Its mostly looks like your playing with the opacity. Its overlapping because your overlapping opacity. Opacity is how transparent your color is. But the more you add to opacity, the more you get less transparent.
Keep on layering, or try with full opacity instead.
When shading: First, turn on size-pressure link and opacity-pressure. Use a very, very low master opacity - on the top bar (I like about 5-8%, use lower for farther-apart colors and higher for closer together ones) and try to cover the whole area you want to change with each stroke (don't lift!!!) then a little less of that area where it's supposed to be changing repeat repeat repeat. After it's pretty close to what you want, use alt+tap to select inbetween colors and then smooth out. (Even before you do that, it usually looks ok though [link] )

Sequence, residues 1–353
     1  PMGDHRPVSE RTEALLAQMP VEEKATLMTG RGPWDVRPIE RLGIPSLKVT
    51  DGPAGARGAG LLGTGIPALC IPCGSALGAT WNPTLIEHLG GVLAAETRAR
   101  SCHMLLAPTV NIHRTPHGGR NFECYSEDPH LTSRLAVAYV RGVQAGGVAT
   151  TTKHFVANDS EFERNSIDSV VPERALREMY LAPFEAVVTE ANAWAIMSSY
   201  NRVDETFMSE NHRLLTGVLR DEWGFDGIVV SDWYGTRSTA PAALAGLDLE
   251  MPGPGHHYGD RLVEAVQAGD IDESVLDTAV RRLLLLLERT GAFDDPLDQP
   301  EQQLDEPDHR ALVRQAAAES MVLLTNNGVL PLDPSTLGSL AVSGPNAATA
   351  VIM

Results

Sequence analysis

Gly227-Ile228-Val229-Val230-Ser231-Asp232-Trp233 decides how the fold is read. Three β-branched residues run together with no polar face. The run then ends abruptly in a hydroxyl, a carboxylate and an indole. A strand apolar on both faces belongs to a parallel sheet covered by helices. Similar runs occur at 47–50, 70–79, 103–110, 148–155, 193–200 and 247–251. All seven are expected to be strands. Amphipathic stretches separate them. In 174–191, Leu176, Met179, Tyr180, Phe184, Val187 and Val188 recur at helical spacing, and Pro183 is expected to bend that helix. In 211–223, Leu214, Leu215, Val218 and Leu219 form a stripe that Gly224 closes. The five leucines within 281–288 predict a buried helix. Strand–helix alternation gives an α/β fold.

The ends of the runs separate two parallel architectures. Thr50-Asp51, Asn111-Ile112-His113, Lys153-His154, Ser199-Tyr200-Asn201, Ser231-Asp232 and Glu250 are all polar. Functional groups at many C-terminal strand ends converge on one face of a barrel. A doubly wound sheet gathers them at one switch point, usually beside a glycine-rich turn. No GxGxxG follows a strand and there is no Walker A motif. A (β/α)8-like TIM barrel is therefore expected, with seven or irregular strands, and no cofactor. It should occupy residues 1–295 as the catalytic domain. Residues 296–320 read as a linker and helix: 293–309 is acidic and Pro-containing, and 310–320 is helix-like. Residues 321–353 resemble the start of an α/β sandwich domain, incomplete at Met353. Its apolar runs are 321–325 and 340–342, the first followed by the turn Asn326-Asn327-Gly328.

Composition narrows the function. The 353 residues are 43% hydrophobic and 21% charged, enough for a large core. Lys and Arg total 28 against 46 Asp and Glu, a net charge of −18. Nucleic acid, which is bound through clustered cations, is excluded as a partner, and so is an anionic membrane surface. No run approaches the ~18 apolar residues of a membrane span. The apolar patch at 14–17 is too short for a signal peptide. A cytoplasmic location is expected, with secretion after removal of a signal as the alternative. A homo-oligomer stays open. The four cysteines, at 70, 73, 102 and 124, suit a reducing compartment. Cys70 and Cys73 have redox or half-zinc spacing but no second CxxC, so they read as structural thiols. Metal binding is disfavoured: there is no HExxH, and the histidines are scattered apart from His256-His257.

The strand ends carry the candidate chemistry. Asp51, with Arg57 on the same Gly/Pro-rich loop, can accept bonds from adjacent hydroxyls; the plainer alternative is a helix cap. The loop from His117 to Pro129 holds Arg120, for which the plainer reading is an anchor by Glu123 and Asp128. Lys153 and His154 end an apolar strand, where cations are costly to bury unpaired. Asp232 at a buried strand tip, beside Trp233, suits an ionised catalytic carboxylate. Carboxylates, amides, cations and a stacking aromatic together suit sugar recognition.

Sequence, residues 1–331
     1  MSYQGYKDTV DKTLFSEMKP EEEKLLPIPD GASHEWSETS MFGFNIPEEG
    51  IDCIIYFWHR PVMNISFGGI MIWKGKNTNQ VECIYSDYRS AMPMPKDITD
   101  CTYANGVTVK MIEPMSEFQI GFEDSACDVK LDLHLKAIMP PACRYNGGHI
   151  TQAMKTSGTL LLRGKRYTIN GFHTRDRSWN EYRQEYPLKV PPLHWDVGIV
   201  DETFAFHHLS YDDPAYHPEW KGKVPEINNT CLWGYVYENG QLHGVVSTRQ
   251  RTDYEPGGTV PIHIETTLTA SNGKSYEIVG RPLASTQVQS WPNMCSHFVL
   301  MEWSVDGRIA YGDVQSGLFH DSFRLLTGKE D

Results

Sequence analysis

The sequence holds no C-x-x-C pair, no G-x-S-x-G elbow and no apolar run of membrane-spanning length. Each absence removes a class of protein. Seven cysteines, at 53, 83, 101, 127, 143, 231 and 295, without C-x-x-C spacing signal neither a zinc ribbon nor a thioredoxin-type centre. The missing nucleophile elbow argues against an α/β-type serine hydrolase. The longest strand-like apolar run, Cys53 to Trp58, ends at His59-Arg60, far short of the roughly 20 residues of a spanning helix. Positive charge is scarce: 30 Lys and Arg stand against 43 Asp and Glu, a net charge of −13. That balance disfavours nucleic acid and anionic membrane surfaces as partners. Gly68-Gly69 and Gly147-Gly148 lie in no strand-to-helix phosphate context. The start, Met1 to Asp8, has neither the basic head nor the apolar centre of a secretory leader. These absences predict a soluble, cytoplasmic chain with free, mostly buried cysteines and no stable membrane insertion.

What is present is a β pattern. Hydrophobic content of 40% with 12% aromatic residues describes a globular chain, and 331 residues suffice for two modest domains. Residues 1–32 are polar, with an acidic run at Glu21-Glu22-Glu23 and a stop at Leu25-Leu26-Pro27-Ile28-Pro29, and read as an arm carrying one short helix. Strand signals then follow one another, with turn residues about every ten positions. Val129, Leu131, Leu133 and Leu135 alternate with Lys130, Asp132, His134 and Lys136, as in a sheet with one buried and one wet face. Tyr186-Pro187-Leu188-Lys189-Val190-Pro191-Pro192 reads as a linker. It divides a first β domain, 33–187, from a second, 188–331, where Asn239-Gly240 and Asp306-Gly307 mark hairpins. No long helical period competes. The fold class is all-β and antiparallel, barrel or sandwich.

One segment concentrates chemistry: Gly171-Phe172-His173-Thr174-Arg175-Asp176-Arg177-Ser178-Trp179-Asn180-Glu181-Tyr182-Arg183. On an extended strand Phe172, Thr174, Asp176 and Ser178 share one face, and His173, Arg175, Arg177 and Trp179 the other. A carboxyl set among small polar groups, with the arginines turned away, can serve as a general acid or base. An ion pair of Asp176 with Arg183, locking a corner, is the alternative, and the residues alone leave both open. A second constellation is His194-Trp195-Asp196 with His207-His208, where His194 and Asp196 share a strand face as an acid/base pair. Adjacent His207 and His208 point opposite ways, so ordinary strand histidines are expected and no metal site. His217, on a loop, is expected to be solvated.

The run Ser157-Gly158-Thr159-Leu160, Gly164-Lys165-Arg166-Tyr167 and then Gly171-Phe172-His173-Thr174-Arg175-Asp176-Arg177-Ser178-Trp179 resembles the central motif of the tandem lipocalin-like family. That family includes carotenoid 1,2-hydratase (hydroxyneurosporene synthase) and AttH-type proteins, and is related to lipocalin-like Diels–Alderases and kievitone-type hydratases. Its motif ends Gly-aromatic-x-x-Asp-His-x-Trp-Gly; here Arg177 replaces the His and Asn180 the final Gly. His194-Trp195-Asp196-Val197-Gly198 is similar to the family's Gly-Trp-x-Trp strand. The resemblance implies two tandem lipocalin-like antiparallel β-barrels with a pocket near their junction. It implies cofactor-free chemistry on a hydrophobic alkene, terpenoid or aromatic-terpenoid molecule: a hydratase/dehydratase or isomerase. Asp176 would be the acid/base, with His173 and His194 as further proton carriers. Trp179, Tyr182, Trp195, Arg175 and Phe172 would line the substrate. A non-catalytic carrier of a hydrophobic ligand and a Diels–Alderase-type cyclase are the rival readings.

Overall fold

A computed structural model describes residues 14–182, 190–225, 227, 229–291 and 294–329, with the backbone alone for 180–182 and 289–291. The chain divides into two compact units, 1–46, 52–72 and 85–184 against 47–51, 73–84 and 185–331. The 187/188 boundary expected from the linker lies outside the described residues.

Instead of trying to paint light by adding vertical strokes in the direction of the light, paint the lit surface of the sphere by making your brushstrokes follow its roundness. This way you can use the "grain" caused by the interacting brushstrokes to make the gradient as the light fades off down the sphere.
[link] See hpw the strokes follow the 3d shape of the sphere along the edge of the light, instead of plunging through it?
It looks like you are following a MGI Photosuite geek. With MGI Photosuite they don't have a soft edge brush like Gimp or Photoshop. They only have a hard edge.
I can see your problem.
You need to select an round area, fill it with color. Then use a soft edge brush that is made for blending. You use a brush the same size as the circle and make a bright spot where you want the light to hit the ball. Then half that size to shade around the edge, then half that and make the shadow area darker.
You never brush from the bright spot moving away from it. The bright spot is just a spot. You make the spot then go around that spot with less flow.